In a TED conference some time ago, Wadah Khanfar, who was director general of the Al Jazeera network (today President of the Sharq Forum), recalled a call on his personal phone. He did not know who was calling, or how he managed to get his number, but the voice was from a person in Tahrir Square in Egypt. The voice implored him not to switch off the cameras. “You are protecting us by showing what is happening here. If you switch off the cameras tonight, there will be a genocide.”
Al Jazeera’s cameras did not go off. They amplified the voice of all those protesters and broadcast it to the world. A revolution so unexpected that no one knew well how to interpret. The world was in a state of shock and taken completely by surprise. Al Jazeera’s newsroom in Doha (Qatar) was soon flooded with pictures, with videos and news, most from people in the streets, who had become front-line reporters. The network was there to provide context, amplification and even protection for protesters seizing power from their oppressive regimes.
The world was watching: traffic to Al Jazeera’s online broadcasts skyrocketed 2,500 percent, during the 18 days of the Egyptian Revolution, and roughly half of that traffic was from the United States. Ordinary people fighting to overthrow Hosni Mubarak discovered that ordinary people a world away actually cared. And then, as we were all watching this drama unfold, the spark also ignited in Libya, and then in other countries.
Well aware he was representing the voice of millions of Arabs, Khanfar in his TED conference asked the world to support the young generation that was taking the Middle East into a new era. “The future that we were dreaming for in the Middle East has eventually arrived” he said. He urged the West not to interfere and impose its will and interests on the region in an effort to establish governments that would be friendly to the West’s economic and political interests. He asked that the West accept and support the choice of the Arab people.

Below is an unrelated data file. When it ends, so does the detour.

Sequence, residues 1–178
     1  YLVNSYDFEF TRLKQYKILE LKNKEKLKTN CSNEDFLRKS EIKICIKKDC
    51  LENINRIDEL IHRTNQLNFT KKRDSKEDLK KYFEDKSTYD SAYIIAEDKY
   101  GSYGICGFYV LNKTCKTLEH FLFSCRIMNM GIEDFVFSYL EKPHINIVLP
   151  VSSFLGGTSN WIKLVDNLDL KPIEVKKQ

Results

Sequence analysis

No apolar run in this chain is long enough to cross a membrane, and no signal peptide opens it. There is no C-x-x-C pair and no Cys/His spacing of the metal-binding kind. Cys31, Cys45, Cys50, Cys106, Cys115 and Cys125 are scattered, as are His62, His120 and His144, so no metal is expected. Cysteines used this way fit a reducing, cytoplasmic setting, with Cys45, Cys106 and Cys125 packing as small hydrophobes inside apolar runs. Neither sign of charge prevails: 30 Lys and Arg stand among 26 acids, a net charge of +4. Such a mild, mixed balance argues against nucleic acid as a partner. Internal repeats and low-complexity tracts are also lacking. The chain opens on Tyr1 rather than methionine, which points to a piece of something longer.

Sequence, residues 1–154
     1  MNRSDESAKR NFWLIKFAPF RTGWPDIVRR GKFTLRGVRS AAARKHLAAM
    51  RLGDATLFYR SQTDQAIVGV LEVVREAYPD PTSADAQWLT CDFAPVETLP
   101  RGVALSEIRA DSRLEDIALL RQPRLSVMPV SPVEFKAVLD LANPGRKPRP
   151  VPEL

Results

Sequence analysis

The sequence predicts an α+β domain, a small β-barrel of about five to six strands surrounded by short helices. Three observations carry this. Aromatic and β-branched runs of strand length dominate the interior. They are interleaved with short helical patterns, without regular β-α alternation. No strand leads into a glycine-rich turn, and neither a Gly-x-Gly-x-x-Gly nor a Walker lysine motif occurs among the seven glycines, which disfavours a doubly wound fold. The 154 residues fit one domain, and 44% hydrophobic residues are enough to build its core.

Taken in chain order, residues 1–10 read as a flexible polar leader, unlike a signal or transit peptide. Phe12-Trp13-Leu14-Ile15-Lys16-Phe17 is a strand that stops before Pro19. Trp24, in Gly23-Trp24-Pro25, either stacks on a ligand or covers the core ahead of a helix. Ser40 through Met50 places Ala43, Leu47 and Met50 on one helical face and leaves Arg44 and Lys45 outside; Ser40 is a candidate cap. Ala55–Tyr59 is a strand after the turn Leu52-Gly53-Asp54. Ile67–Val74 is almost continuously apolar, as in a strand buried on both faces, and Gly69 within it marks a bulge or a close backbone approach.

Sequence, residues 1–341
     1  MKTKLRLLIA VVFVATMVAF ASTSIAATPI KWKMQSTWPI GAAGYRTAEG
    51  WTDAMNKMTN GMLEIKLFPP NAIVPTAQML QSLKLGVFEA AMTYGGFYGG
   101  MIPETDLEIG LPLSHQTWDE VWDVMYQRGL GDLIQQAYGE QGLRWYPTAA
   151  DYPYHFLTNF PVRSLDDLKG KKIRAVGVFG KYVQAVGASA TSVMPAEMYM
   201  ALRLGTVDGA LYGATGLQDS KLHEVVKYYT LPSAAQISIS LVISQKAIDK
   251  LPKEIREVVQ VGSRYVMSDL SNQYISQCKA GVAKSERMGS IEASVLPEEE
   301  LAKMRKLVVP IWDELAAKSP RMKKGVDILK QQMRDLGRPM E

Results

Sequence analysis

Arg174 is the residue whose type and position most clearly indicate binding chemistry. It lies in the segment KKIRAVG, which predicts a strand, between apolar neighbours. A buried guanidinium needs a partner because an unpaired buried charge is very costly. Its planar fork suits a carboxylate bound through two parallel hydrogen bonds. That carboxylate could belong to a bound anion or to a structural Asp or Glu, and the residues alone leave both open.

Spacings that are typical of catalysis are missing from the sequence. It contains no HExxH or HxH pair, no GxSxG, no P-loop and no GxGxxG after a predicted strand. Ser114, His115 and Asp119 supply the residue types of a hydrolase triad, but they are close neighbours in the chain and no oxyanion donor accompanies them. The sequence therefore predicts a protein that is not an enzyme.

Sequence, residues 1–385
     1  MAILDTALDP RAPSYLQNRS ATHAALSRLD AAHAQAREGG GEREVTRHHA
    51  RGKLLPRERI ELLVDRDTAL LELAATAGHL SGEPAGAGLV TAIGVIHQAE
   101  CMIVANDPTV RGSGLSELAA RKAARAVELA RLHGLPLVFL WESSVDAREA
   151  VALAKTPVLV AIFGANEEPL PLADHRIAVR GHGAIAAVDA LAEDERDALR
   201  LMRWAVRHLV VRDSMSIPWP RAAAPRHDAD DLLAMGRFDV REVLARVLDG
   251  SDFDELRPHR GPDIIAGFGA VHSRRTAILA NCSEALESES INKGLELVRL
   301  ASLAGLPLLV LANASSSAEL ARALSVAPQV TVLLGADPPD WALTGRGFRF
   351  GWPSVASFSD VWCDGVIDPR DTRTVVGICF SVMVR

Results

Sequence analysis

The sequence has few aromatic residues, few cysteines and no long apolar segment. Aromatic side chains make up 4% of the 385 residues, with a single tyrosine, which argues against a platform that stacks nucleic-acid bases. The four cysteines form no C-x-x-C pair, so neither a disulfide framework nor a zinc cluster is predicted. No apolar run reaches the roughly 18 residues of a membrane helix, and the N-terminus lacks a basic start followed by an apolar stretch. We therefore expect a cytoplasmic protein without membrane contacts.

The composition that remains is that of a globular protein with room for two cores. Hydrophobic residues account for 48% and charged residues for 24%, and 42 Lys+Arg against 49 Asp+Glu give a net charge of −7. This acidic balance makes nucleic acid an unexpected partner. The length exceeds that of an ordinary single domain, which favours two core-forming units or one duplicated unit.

Al Jazeera, is headquartered in Doha, Qatar. Over the years it has expanded to what it is today, a network with several outlets, including the Internet in multiple languages. The Emir of Qatar, Sheikh Hamad bin Khalifa, provided a loan of QAR 500 million ($137 million) to sustain Al Jazeera through its first five years. The Emir had been contemplating a satellite channel even before he deposed his father. A free press complemented his vision of the emirate as a center of commercial development and progress.
The network was launched in 1996, and even though it was financed in part by the Emir, the network was never about pleasing anybody, it soon was was shocking audiences and governments alike. It presented, for example, the Israeli speaking Hebrew on Arab television for the first time, and some talk shows were a constant source of controversy regarding issues of morality and religion.
But Al Jazeera over the years seems to have finally earned the respect it deserved. It has endured and come a long way. With roughly 45 million viewers around the world today, the network once accused of having sympathy with extremist causes in the past is now invited to TED conferences.
But in what is perhaps the best compliment to date, and clear proof of how far Al Jazeera has come, Secretary of State Hillary Clinton testified before the Senate Foreign Relations Committee, on 4 March 2011, saying: “Al Jazeera has been the leader, they are literally changing people’s minds and attitudes. And like it or hate it, it is really effective (…) in fact viewership of Al Jazeera is going up in the United States because it’s real news. You may not agree with it, but you feel like you’re getting real news around the clock instead of a million commercials.”
Wadah Khanfar has left and has been replaced by a member of the Qatar royal family. Will Al Jazeera lose its prestige, objectivity and credibility?
It is hard to be a prophet in your own land, but Al Jazeera’s credibility has been hard earned. It wasn’t out to be just another news channel, it never took the easy route, it struggled to remain loyal to the principles of true unbiased reporting. It has not been an easy ride, and mostly one it made alone, while being attacked from all sides. It was the lone voice that cried in the desert. After all, Al Jazeera does mean “the island” in Arabic.
(To read my original article, published in March 2011: Prophets in the Land of Prophets)